Oh, My Pop Culture Religion: The 100 and That Old-Time Religion

The 100 Clarke looking at PolisThere aren’t many shows on television anymore that I enjoy as much as CW’s The 100. Ace has been following the series here since it began, and I’m only just getting caught up. The 100 offers a kind of teenage/YA dystopian escapism that my preteen self would have obsessed over, plus an imaginary boyfriend to boot (Hello, Nurse Bellamy!). Who cares if we never figure out how the characters maintain their never-ending supply of mascara when we have issues to tackle like turf wars and privilege and racism and sexuality? Among these, I had hoped that religion would be handled thoughtfully, but the result is pretty meh. Nevertheless, The 100 gives us a pretty good example of some typical science fiction religion tropes, and how religion can function in ways that help (and hurt) the quality of the story.

Spoilers for The 100 through Season 3 Episode 8, “Thirteen.”

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Oh, My Pop Culture Religion: Theological Gameplay

Religion isn’t a new aspect of gaming by any means. Gaming worlds often blast through ideas like faith and worship in favor of the occasional tête-à-tête with the deities that created the world.

And then we beat them up.


Less dramatically, games are happy to provide priests and paladins, whose powers come from prayer, usually in some abstract mechanics.


These tend to be far removed from the real world—either adopting generic religious terminology or building their own complex mythologies.

But every so often the real thing will show up.

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Civilization: Beyond Earth—Rising Tide and a Lack of Faith

Civilization Rising Tide Beyond EarthCivilization: Beyond Earth, a sequel of sorts to Civilization V, was fun for maybe my first three or so gameplays. After that, the game didn’t really feel like it offered too much, and I was a little underwhelmed with it. It takes place in the distant future, when all of Earth’s resources have been used up and humanity must colonize various alien planets in order to survive. Incidentally, some of these planets are named and designed after real exoplanets discovered by NASA, such as one of the Kepler planets. Beyond Earth’s expansion pack, Civilization: Beyond Earth—Rising Tide, also added a few new worlds as well, such as an icy Hoth-like world and a more volcanic Mustafar-like planet (perhaps for all of us Star Wars fans), and did a better job customizing the alien life to better fit each biome, which certainly helps the game’s enjoyability.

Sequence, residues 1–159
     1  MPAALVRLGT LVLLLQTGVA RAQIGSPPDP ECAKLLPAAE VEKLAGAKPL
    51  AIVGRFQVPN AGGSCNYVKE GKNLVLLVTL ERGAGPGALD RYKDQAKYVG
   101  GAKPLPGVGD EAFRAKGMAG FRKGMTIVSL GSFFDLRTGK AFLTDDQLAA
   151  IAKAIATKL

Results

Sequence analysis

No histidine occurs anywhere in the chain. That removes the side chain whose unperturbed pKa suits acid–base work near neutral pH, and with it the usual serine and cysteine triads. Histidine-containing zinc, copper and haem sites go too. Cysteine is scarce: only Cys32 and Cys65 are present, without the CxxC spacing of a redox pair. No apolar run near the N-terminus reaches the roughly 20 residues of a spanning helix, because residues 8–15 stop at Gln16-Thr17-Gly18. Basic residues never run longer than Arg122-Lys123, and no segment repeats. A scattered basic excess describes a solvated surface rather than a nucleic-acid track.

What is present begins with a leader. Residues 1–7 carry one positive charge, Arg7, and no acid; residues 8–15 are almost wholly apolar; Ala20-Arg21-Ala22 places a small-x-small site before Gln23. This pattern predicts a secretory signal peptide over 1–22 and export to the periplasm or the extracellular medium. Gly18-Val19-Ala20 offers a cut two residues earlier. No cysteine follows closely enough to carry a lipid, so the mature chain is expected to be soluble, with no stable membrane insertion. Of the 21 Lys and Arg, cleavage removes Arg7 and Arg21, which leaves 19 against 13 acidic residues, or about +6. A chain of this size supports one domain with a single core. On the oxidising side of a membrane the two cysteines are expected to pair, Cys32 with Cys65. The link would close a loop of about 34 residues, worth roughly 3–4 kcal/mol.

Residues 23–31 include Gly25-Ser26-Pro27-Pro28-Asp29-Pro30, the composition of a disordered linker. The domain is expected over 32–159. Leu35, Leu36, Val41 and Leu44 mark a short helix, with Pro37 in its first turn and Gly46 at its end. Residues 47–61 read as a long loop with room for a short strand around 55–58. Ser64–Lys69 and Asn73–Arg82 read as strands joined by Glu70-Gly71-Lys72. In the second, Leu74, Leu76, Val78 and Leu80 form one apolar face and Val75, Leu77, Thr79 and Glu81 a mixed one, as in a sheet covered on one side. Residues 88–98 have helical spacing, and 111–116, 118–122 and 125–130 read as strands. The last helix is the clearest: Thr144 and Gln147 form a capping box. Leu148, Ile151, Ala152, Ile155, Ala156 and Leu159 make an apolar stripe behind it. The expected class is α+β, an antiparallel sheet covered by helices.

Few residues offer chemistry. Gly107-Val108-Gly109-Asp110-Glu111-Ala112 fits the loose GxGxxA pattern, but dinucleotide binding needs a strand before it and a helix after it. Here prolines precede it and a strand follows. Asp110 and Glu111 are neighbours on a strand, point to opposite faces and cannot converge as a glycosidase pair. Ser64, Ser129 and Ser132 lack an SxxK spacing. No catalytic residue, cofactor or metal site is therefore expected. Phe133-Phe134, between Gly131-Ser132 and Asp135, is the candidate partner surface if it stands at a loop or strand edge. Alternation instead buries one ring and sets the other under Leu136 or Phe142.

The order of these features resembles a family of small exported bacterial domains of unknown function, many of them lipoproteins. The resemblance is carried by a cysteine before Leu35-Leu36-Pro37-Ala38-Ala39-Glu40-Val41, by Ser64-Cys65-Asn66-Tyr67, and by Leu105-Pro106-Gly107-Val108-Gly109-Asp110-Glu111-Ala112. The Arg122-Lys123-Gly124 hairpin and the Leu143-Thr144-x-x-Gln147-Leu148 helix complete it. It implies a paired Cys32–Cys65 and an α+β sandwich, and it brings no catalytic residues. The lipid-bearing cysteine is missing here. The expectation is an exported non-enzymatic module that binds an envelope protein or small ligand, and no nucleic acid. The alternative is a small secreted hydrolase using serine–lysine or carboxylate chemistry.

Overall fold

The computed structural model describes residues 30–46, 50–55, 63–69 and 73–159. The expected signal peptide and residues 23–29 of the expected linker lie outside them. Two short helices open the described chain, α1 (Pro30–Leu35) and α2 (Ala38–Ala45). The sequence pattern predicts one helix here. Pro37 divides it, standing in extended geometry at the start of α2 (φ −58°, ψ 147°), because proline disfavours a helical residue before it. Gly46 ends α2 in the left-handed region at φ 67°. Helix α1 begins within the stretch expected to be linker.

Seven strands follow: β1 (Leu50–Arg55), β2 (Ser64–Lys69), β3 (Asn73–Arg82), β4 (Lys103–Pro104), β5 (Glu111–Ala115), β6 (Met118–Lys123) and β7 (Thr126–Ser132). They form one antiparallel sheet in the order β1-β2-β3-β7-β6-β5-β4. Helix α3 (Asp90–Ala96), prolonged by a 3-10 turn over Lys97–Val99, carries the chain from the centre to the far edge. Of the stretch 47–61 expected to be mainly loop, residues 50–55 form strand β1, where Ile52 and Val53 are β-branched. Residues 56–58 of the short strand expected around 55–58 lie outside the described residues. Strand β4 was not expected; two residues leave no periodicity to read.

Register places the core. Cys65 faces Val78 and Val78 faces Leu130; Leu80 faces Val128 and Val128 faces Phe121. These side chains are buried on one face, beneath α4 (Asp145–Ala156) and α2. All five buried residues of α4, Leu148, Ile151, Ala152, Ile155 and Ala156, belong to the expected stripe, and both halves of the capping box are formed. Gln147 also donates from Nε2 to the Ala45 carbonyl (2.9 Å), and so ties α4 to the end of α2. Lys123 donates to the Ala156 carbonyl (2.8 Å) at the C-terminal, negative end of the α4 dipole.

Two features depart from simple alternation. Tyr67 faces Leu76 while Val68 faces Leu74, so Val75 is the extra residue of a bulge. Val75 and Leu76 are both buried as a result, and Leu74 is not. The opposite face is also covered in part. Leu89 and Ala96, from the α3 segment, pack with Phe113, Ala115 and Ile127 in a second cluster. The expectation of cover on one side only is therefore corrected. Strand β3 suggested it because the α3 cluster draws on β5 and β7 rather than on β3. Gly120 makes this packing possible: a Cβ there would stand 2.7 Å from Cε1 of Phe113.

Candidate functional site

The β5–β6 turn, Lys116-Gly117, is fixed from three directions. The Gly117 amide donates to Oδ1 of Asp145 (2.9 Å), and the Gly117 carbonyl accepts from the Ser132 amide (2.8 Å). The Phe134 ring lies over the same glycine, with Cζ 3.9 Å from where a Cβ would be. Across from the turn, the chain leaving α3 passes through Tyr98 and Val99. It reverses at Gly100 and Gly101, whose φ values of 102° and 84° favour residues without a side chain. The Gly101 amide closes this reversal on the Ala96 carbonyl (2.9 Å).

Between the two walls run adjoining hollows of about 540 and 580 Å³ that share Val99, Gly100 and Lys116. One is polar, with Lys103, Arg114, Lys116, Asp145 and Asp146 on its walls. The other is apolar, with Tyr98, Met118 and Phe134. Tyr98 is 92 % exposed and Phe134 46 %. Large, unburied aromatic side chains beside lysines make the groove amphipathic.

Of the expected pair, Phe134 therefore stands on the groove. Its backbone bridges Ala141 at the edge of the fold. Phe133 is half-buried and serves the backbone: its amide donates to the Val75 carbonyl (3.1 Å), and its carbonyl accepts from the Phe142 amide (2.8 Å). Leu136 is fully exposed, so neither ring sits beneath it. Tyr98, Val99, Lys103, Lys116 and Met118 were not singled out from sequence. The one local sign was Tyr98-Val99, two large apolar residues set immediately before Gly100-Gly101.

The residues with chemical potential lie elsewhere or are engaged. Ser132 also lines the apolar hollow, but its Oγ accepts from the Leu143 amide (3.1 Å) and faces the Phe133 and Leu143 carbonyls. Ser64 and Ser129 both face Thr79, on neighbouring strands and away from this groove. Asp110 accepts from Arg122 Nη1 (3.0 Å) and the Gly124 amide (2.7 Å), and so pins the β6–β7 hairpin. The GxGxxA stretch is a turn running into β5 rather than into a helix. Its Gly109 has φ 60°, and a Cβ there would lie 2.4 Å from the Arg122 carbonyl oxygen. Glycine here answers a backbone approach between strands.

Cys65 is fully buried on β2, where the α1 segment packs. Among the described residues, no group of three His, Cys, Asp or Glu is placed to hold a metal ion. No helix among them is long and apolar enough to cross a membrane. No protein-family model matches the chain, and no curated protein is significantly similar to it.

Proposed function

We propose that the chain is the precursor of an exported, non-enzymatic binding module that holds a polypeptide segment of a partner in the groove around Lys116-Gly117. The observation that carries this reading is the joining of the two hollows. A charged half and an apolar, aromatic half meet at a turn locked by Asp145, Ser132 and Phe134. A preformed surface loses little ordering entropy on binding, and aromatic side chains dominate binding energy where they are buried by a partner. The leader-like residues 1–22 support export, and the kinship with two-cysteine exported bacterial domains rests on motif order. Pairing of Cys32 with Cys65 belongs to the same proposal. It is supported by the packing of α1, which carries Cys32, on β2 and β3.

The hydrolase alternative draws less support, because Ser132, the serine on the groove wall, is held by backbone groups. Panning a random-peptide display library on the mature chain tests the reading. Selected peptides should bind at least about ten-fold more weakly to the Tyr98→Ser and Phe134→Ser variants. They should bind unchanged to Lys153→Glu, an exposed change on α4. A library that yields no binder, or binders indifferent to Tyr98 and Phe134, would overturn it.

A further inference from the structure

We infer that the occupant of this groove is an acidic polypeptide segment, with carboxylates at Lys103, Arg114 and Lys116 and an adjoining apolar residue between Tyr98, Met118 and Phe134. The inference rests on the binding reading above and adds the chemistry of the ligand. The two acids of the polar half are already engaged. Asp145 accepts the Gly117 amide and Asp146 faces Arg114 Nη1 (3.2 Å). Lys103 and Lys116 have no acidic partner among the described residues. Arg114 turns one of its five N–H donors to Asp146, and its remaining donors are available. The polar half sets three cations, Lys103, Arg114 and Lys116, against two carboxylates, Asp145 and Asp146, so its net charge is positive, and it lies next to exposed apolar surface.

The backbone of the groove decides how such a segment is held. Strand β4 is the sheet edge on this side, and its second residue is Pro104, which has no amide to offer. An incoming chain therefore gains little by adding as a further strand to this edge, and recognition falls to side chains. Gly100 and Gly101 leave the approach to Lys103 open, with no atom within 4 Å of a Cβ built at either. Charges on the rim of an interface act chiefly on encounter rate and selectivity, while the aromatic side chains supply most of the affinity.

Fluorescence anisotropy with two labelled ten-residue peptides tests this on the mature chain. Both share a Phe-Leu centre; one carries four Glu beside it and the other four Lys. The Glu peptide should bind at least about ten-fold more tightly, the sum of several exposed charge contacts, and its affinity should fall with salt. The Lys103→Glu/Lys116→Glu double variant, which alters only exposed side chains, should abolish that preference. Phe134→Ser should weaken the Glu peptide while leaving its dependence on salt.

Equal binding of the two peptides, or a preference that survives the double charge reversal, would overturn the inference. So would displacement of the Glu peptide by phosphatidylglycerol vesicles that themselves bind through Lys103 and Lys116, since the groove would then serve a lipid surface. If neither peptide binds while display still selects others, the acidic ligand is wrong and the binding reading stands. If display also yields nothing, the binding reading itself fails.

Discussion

Unfortunately, while, overall, I really do like Beyond Earth so much better thanks to Rising Tide—seriously, this expansion is one of the best improvements I’ve seen for any game—there is still something off about the game that makes playing it less enjoyable than it should be.

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White House Calls for Research on Links Between Video Games and Violence

Yesterday, the White House unveiled “Now is the Time: The President’s plan to protect our children and our communities by reducing gun violence.” Super good! I don’t intend to attack the the President, his plan, or even the fact that he calls for more research into any possible relationships between video games and violence. With the trauma of gun violence being so severe in American culture, encouraging research into what many citizens believe to have a causative relationship with violence, i.e. that violent video games lead to violent crime, is the right call. While it is politically unfortunate that the President seemed unable to find a place for video games in his plan than under the section to “End the Freeze on Gun Violence Research,” (page 8), I don’t think that we have much to worry about regarding any lasting effects on public opinion. We know that all good research into the topic, assuming fair distribution and reporting of research results and data, is going to show that video games and their place in society are nothing to be afraid of.

Here is my point; how do we already know that we have nothing to fear? Hasn’t research already shown that violence in video games has a lasting effect on gamers, causing them to be desensitized to violence and therefore less likely to check impulses toward violent behavior? Since video games are more immersive than other forms of media, doesn’t it stand to reason that they affect a greater ability to impact and change the human psyche? Let’s look into why not. Continue reading